The Favourite

Dir. Yorgos Lanthimos

[Fox Searchlight]

Early on, Duchess Sarah admonished her lover, Queen Anne, that love has its limits — to which the queen replied, “Well it shouldn’t.” The story proceeded through a delicious series of political and bedroom maneuvers to prove the queen utterly and tragically wrong. Yorgos Lanthimos has always taken a perverse glee in sticking his movie knife into the banal, received wisdom of Western right-thinking. His trajectory from Dogtooth forward had increasingly tightened the thumbscrews on his audience; The Killing of a Sacred Deer was as muscle-bound and torturous to watch as it was incisive. But The Favourite turned that sensibility inside out, exploding with bright and colorful production design, brilliantly mining 18th-century courtly fashions for visual comedy. Rouged, powdered, and highly wiggy men ponced about like overbred poodles through all the absurd ornamentation, as a raging battle of wills played out among the film’s three towering female protagonists. The script was nastier than Dynasty and invented a patois of 18th-century Queen’s English and contemporary colloquialisms that somehow felt organic, but it had a Shakespearean heft at its core that played out in a perfectly odd and dissonant finale.


First Reformed

Dir. Paul Schrader


2018 was filled with days when hopping from one social media platform or news network to the next resembled a modern-day Stations of the Cross, with each subsequent click offering something that was somehow more terrifying, depressing, and enraging than the last. With the massive sprawl of readily available information, staying informed was more effortless than ever, yet it could easily, almost imperceptibly, transform from a desire to remain dutifully cognizant of our ever-shifting global landscape into a form of unabated and isolating self-flagellation. In Paul Schrader’s First Reformed, it was this hyper-awareness of earthly perils that plagued Michael (Philip Ettinger), a young environmental activist who believed it immoral for his pregnant wife Mary (Amanda Seyfried) to bring a child into this crumbling world, when he desperately met with Ethan Hawke’s already jaded, world-weary Reverend Toller for counsel.

Despite telltale signs of suicidal thinking, Toller found their discussion not troubling, but “invigorating.” And when Michael blew off his head with a shotgun, the good reverend reacted not with sorrow or regret, but by taking on Michael’s all-too-real concerns of potential global disaster, bearing them like a cross upon his shoulders as he confronted the duplicitous evils that have infiltrated both his tiny, sparsely attended church and the superchurch that funds the relic he was keeping alive after 250 years. In this year’s cinema, there was perhaps no greater metaphor for the failure of American institutions to serve the public in any meaningful way (as many have slowly been reduced to thinly veiled money-laundering schemes for the wealthy) than the fact that Toller was stuck in a historically famous church with a broken organ, forced to hawk cheap souvenirs merely to keep the doors open.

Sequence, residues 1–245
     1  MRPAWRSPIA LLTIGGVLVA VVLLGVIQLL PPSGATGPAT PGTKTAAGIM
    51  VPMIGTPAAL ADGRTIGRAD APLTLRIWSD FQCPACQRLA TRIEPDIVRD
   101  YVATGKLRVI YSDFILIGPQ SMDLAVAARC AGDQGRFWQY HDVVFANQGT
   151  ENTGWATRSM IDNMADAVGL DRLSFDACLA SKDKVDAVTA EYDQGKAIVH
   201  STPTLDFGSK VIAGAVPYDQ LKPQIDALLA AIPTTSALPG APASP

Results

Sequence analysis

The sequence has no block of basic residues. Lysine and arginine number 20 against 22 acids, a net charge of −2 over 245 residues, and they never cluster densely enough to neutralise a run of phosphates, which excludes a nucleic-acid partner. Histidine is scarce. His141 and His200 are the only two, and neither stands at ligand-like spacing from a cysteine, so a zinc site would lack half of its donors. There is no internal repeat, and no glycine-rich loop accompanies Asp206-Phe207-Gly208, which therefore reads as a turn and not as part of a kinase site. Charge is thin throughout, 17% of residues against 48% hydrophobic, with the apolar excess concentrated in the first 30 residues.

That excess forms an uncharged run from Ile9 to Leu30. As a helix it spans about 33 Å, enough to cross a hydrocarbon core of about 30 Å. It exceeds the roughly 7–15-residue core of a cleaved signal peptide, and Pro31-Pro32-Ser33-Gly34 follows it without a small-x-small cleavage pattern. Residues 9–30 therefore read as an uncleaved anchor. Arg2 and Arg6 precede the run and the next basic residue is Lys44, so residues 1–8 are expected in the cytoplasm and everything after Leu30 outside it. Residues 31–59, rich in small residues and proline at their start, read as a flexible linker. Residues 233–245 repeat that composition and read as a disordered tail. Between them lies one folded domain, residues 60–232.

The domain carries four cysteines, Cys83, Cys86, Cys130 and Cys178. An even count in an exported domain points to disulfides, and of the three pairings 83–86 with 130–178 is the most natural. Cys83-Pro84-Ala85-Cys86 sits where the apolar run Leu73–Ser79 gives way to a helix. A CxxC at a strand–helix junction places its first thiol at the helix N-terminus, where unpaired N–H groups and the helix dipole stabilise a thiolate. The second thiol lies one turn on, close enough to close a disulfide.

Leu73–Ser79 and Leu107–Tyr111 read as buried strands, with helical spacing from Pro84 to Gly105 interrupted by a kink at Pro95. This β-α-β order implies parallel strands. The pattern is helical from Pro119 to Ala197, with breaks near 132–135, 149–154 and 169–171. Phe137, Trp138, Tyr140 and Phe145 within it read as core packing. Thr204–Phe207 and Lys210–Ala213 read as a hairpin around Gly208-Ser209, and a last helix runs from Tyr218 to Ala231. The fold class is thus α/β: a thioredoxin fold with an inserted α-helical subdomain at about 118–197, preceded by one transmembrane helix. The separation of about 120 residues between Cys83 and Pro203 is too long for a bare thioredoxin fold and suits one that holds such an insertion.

First Reformed deftly tackled this notion of the individual vs. implacable global forces, with an acute focus on the unsettling merging of ecclesiastical forces with those of an unbridled and amoral capitalist system. Schrader’s ascetic vision, informed most explicitly by Ingmar Bergman’s Winter Light, Robert Bresson’s Diary of a Country Priest, and Yasujiro Ozu, offered the perfect aesthetic framework through which traditional systems of belief could collide haphazardly with the ruthlessly unfeeling, profit-hungry, hyper-modern business models that dominate both corporate and institutional cultures.

Schrader’s camera was almost exclusively immobile, yet this stillness presented a deeply perceptive gaze and compositions as stark as the cold New England winter. It was a vision of the world as unwavering as that of Toller, who lived a life virtually sealed off from the real world, indulging himself with the sort of small rituals we all tend to hold onto to provide a semblance of order and meaning in an increasingly chaotic world. But for all of Toller’s pain (often self-inflicted), First Reformed offered a vision of grace and tenderness in the heavily symbolic Mary, who prevented the film from tipping into the complete and utter despair that Toller found himself in.

In one of the year’s most remarkable sequences, Mary arrived at Toller’s office and together performed a ritual that she often did with her now-deceased husband. As she laid on top of the priest, making as much body-to-body contact as possible and matching his breathing patterns, the two achieved a temporary sense of communal transcendence, slowly rising from the floor as they began to travel over vast mountains and beautiful oceanside vistas. But Toller’s thoughts couldn’t remain fixed on utopic ideals for long before visions of city life and landfills of untold sizes took over. Such incessant and uneasy wavering between hope and despair, sensuality and violence, love and rage, faith in the future and the fatalistic acceptance of our environment’s demise filled First Reformed, which stands as the most eloquent yet soul-shattering microcosm of the world that we saw all year.

Welcome to Screen Week! Join us as we explore the films, TV shows, and video games that kept us staring at screens. More from this series